Touches of dramatic black are making a comeback, from the range hood to the island. “These richer colors are mingling with lighter hues, including bleached or lighter aged wood tones. The practice of pairing lighter perimeter cabinets with a contrasting or colorful island is still in favor, as is mixing painted and stained looks.
5. NON-WOOD CABINET ALTERNATIVES
Though painted wood cabinetry has long been the standard, more man-made cabinet materials are coming to the forefront, says Drury, noting that they are very durable and offer the look of exotic woods without the high cost.
“Non-wood looks, like textured laminate, are an emerging trend and I think we are going to see more of it,” says McFadden. “It’s a higher style and quality of laminate than we have seen in the past.”
6. STATEMENT PIECES
While islands obviously make a fitting focal point, oversized hoods, hoods encased in marble or shiplap or even multiple metals are becoming statement pieces in today’s kitchens. Lighting or perhaps a beautiful, on-trend faucet is another great way to make a statement. “Unique pendants, a contemporary chandelier, or a rich metallic faucet will draw the eye and be a great conversation starter,” Hogan says.
7. LIGHT MOVES
Lighting sources are key to making a kitchen look nice and work well. “Lighting makes or breaks a design,” says Drury. “You can have a very expensive kitchen look cheap if the lighting is not right, and you can make an inexpensive kitchen look great with the right lighting.”
Lighting systems that allow for control of a room’s lighting setup at the push of a button or include motion sensors make life easier and help to conserve electricity.
While in-cabinet lighting has been around for a while, McFadden says it has become more attainable and is translating into cabinet drawers as well. While it makes it easy to see the drawer contents, it’s more about the aesthetic. “We never see this kind of lighting on somebody’s wish list, but we have it in the showroom and when they see it, they want it,” he notes.
In new construction and some remodeling projects, extra or larger windows are brightening kitchen spaces with additional natural light. “We are finding that people want to add more windows in the kitchen,” says Petro, “even if that means sacrificing some storage. It gives the space more of an open feel.”
8. TEXTURED BACKSPLASHES
Texture is key, particularly in the backsplash area. “Looking at a backsplash is one thing, but being able to touch it is another. More and more people are experimenting with a textured backsplash, and this is typically seen in a more modern setting,” says Victoria Pelly-Lauer, a designer for Sebring Design Build in Naperville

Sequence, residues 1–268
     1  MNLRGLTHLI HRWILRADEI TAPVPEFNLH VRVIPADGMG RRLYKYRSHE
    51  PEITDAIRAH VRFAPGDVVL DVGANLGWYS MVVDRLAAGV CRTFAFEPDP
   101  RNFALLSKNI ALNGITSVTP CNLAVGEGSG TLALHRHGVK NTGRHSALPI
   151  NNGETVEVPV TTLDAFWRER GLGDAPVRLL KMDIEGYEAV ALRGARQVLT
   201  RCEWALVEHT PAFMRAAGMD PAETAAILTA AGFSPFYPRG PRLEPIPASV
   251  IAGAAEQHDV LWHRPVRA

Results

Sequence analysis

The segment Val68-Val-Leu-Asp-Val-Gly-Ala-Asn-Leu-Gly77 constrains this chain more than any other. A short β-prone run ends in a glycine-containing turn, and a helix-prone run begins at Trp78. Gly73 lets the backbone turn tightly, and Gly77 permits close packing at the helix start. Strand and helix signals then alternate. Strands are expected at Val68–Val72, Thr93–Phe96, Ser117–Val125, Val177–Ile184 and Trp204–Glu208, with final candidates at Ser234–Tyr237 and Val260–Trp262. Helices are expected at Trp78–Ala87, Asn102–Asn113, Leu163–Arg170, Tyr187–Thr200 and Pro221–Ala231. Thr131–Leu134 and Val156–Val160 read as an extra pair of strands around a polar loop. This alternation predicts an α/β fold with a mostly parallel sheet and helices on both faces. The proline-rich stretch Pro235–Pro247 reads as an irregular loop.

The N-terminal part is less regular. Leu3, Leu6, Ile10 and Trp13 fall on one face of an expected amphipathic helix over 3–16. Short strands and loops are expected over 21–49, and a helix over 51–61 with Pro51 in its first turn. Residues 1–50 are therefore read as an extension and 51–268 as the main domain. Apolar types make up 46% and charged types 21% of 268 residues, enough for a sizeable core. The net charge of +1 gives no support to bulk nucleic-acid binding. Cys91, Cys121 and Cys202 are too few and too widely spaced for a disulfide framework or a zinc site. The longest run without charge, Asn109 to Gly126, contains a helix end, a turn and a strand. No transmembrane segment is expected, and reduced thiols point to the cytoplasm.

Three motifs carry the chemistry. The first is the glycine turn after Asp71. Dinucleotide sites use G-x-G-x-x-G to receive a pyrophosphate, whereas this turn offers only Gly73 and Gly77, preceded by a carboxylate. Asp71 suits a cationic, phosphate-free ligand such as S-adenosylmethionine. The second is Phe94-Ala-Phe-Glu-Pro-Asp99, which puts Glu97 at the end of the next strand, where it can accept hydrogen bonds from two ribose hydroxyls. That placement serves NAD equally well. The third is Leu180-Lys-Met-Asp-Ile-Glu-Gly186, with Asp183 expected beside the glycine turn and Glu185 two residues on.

While subway or metro tile is still a classic look, longer, leaner versions that include subtle pattern or artisanal texture are coming into play. As an alternative to tile, Hogan suggests whitewashed or painted brick to bring texture to the space.
9. DYNAMIC AND DURABLE COUNTERTOPS
Engineered stone, especially quartz, remains the top-selling countertop, and comes in a wide range of colors and styles. “People want surfaces that are beautiful but not vulnerable to staining,” explains Drury.
But just as pairing cabinet finishes has been popular, a combination of several different countertop materials within a kitchen is a growing trend, and these often feature different thicknesses as well.
For example, some might use quartz for the perimeter counter and select granite or marble with interesting veining for an island or backsplash. McFadden says some of his clients who seek natural stone are intrigued by quartzite, which is harder than granite and offers an option for an easy-care, yet natural, material.
10. UPCYCLING WITH PAINT
McFadden says upcycling kitchens with paint and doing partial remodels is another trend. Though not everyone has a layout that works or cabinets of a quality that can be repurposed, he says, those who do may be able to change the look of their kitchen by replacing some key elements and having cabinets repainted. His company has been revisiting projects from the past and working with those clients to refresh their spaces.
“People are not redoing the whole kitchen but are updating,” says Bond. “I have recently had three projects that involved painting the existing cabinets, getting rid